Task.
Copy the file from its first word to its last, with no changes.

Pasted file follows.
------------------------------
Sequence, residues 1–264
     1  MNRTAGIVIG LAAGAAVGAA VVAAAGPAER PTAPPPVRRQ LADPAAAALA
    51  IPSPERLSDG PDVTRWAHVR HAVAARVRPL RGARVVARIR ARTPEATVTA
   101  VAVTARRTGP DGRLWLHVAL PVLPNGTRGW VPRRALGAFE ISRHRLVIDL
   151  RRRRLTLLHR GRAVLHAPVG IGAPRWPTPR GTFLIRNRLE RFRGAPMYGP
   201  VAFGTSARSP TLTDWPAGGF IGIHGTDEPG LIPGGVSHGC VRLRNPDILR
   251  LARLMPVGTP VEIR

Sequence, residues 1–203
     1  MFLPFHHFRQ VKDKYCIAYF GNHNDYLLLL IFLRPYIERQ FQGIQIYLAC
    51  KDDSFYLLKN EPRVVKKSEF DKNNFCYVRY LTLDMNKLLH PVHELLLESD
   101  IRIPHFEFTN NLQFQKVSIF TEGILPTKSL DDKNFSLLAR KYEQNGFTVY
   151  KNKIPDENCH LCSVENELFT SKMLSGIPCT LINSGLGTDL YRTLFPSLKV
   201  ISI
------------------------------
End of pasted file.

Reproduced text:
Sequence, residues 1–264
     1  MNRTAGIVIG LAAGAAVGAA VVAAAGPAER PTAPPPVRRQ LADPAAAALA
    51  IPSPERLSDG PDVTRWAHVR HAVAARVRPL RGARVVARIR ARTPEATVTA
   101  VAVTARRTGP DGRLWLHVAL PVLPNGTRGW VPRRALGAFE ISRHRLVIDL
   151  RRRRLTLLHR GRAVLHAPVG IGAPRWPTPR GTFLIRNRLE RFRGAPMYGP
   201  VAFGTSARSP TLTDWPAGGF IGIHGTDEPG LIPGGVSHGC VRLRNPDILR
   251  LARLMPVGTP VEIR

Sequence, residues 1–203
     1  MFLPFHHFRQ VKDKYCIAYF GNHNDYLLLL IFLRPYIERQ FQGIQIYLAC
    51  KDDSFYLLKN EPRVVKKSEF DKNNFCYVRY LTLDMNKLLH PVHELLLESD
   101  IRIPHFEFTN NLQFQKVSIF TEGILPTKSL DDKNFSLLAR KYEQNGFTVY
   151  KNKIPDENCH LCSVENELFT SKMLSGIPCT LINSGLGTDL YRTLFPSLKV
   201  ISI